Empowering Teachers for Instructional Leadership

Principals can expand instructional leadership by empowering teacher leaders in many ways. In my middle school we implemented two programs that allowed my teachers to use their skills to become teacher leaders: Teachers Tell All and Research Roundtable.

Teachers Tell All sessions are designed for teachers to share classroom challenges with a small cohort of teachers to receive feedback and support on possible solutions. The protocol for the sessions includes small groups of three or four in which each teacher takes 5 minutes to describe one challenge and gets feedback for 10 minutes. At the conclusion of the session, teachers should have strategies to use in their classrooms. This could be a standalone event, an event with several sessions in which the teacher provides feedback on using the suggested strategies, or it can be followed up by the Research Roundtable.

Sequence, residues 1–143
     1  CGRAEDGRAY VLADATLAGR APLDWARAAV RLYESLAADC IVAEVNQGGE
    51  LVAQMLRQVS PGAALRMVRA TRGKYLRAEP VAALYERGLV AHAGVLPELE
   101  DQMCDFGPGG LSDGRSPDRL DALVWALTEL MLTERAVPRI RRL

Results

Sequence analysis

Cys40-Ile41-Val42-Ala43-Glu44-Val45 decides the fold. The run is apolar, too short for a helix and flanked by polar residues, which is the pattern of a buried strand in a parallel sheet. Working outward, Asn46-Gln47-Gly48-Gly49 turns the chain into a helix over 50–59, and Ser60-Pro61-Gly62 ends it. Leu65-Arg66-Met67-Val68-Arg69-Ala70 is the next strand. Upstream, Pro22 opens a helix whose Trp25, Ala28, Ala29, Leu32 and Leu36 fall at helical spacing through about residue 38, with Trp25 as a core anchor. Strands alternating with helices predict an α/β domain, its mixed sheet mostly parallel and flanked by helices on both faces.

During Research Roundtable, teachers use action research to display findings from their own classrooms. Teachers select a challenge to investigate, collect data on possible solutions, then share the findings around a roundtable of their peers. This event is a powerful way for teachers to demonstrate the leadership skills they use within their classrooms. During professional development sessions with coaches, teachers first select a challenge based on conversations they have had in the Teachers Tell All sessions to connect the various learning experiences. Schools could also implement these programs independent of each other.

Both programs can be the training ground for how teachers will have controversial conversations in their classrooms. Middle grades students need opportunities to discuss the societal context to analyze and better understand how they fit in the world. For example, if the classroom teacher wanted to discuss police brutality or racial/social inequity, the protocols for the Teacher Tell All or the Research Roundtable could provide concrete strategies for how to approach courageous, controversial conversations with students.

Decreasing Resistance and Anxiety

New ideas for classroom instructional practices may bring resistance and anxiety. Three strategies I have used when implementing a new program in my middle school are leveraging relationships, holding morning meetings, and using data. After using these strategies, the entire school was on board with the new program, even if they were initially resistant and anxious.